The most obvious change in demand for metal additive manufacturing materials is the rapid growth in the use of aluminum alloys. Aluminum alloys have become the most popular alloys besides steel, titanium and nickel. They are predicted to be the third most popular alloy and account for nearly 20% of total metal AM material shipments by 2030. The increase in aluminum demand could be even more pronounced if binder jetting technology proves proficient in processing aluminum for mass production.
Aluminum alloys are the fourth largest material segment in terms of revenue in 2020, generating just $17.9 million, growing 36.8% in 2021. This allows us to better understand the size of the additive manufacturing materials market.
Aluminum alloy materials have always had the advantages of high strength, high thermal conductivity, light weight, wide sources, and low cost, so they are very suitable for industrial manufacturing, such as automobiles, aerospace, railway transportation and other industrial fields. With the rapid development of additive manufacturing technology, various types of metal 3D printing technologies are used in the research and application of aluminum alloy forming:
The main advantage of using the laser powder bed process to manufacture parts is the ability to manufacture complex geometries with high precision and good surface quality. These characteristics predestined its exclusive application fields, such as heat exchangers with higher heat transfer efficiency, lightweight brackets, skin lattice structures, etc. These parts are manufactured by 3D printing, which also reduces the steps and costs of part manufacturing compared with traditional processes and achieves better performance. The use of laser powder bed technology to 3D print aluminum alloy parts is mostly used to manufacture parts with complex structures that are difficult to achieve by other processes.
Electron Beam Selective Melting (EBM) of aluminum alloys has the advantage of being independent of reflectivity, parts exhibiting less thermal stress, and printing of crack-prone aluminum alloy grades compared to laser melting. In addition, vacuum conditions also reduce material oxidation, so this process offers great potential for the manufacture of aluminum alloys.
There are great difficulties in printing aluminum alloy materials by binder jetting process. This is because it is easy to oxidize and react easily during the subsequent sintering process, which is a major challenge for this process to print aluminum alloys. In fact, aluminum alloys are not widely used in the MIM industry. However, through the optimization of the entire production process and materials, the binder jet 3D printing of aluminum alloy has made a breakthrough. Once the aluminum alloy binder jetting 3D printing process is mature, the market application potential is huge, and it can be used in the 3D printing and manufacturing of electric vehicles and electric aircraft parts to create new value.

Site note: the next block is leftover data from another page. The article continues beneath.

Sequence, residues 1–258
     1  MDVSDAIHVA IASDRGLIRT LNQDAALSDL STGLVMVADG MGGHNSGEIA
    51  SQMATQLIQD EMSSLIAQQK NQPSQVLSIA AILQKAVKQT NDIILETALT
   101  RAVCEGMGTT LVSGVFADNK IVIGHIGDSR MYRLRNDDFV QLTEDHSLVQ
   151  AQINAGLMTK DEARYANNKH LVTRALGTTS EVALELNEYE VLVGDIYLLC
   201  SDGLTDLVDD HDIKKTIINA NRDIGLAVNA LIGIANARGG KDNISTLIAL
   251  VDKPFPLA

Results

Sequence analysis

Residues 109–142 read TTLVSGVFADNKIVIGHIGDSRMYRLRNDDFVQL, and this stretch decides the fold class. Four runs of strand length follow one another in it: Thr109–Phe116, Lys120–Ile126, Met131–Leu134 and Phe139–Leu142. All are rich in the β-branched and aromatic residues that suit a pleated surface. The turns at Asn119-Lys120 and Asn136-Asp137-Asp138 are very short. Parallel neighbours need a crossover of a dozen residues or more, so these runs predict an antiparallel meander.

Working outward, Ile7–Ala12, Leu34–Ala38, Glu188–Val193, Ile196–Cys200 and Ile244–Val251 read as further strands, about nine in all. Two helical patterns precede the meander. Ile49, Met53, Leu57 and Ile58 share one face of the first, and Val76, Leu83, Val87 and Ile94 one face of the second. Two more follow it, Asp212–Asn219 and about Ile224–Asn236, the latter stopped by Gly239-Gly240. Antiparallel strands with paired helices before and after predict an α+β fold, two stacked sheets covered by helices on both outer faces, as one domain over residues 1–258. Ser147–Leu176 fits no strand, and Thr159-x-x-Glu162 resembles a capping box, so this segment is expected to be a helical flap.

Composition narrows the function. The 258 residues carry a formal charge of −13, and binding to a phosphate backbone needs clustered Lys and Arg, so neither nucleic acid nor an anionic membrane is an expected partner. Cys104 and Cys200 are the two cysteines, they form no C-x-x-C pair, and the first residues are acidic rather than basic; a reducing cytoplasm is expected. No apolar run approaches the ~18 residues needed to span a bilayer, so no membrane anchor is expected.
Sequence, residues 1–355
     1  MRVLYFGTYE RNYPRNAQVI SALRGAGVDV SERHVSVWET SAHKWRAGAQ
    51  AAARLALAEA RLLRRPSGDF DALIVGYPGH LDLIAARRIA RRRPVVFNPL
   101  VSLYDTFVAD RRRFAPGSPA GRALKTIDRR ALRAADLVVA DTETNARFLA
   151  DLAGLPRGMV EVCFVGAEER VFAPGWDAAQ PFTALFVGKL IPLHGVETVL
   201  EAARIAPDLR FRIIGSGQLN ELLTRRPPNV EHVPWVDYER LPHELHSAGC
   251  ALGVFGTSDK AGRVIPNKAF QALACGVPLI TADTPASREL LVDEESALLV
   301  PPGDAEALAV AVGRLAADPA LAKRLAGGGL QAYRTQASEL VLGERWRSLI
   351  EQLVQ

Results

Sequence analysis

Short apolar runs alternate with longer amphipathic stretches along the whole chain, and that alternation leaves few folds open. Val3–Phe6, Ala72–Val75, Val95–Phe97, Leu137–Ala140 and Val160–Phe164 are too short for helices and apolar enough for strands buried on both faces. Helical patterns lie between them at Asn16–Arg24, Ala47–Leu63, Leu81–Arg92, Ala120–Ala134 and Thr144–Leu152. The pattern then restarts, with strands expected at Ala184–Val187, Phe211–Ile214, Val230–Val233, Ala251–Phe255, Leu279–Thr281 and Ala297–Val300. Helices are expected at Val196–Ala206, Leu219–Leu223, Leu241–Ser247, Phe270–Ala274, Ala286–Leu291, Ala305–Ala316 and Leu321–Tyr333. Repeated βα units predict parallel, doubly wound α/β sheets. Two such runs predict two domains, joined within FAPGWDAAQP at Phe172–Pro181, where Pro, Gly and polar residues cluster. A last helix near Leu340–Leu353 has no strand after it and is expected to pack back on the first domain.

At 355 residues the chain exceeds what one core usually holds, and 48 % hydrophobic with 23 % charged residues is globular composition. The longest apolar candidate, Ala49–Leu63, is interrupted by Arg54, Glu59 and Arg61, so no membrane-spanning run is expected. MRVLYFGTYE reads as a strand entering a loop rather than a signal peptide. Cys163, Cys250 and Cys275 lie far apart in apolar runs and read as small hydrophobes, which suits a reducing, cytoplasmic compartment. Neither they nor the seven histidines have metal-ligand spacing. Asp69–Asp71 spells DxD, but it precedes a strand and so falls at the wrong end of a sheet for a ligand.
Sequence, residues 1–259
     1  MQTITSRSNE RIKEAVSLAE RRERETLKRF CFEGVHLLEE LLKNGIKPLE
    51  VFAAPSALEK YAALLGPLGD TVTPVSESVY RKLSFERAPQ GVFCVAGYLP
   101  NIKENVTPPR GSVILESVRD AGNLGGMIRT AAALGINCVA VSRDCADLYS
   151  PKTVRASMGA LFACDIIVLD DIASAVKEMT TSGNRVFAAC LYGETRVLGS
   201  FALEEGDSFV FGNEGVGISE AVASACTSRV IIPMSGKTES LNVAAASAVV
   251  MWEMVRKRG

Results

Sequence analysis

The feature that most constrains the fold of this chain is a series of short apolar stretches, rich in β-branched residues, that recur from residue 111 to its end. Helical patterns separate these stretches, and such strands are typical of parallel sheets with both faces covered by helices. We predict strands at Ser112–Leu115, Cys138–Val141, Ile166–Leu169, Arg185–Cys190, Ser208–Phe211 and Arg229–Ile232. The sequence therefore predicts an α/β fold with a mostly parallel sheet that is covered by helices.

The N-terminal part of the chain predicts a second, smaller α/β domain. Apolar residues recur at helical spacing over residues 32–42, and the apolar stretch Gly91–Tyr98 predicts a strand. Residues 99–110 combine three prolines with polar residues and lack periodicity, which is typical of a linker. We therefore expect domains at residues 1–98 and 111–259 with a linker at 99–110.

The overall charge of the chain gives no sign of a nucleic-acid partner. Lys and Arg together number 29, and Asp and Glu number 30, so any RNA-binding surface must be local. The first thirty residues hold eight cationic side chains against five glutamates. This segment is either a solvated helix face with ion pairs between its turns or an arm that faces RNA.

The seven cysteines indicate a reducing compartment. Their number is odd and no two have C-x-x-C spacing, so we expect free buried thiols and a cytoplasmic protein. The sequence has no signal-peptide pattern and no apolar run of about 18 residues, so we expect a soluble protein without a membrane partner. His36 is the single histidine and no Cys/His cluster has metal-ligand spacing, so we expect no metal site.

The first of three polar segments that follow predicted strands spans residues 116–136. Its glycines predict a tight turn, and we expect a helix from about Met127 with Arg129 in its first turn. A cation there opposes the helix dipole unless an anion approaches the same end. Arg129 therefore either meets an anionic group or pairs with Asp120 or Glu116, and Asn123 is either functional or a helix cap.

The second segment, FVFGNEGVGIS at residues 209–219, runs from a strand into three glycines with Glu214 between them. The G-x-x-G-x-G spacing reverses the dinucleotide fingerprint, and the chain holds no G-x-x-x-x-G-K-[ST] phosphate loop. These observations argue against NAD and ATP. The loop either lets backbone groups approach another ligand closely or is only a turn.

Aluminum is considered to be one of the most promising materials for the next stage in the evolution of additive manufacturing to high-volume production applications. This is mainly due to aluminum's excellent mechanical properties and low price compared to lightweight metals such as titanium alloys. However, it will still take time and research to address the current challenges of aluminum 3D printing.
An early challenge with aluminum 3D printing was that most aluminum alloys used for additive manufacturing were originally developed for casting applications. In fact, the most commonly used aluminum alloy in additive manufacturing is AlSi10Mg, an age-hardened aluminum alloy with high hardness, strength and dynamic toughness, traditionally used as a casting alloy. Powders made from AlSi10Mg are commonly used in additive manufacturing, and the final components usually have high corrosion resistance, low density and high mechanical strength.
The metal 3D printing industry will continue to grow as manufacturers introduce more aluminum materials for additive manufacturing. Today, while aluminum's potential in additive manufacturing is largely untapped, it is making progress in some areas.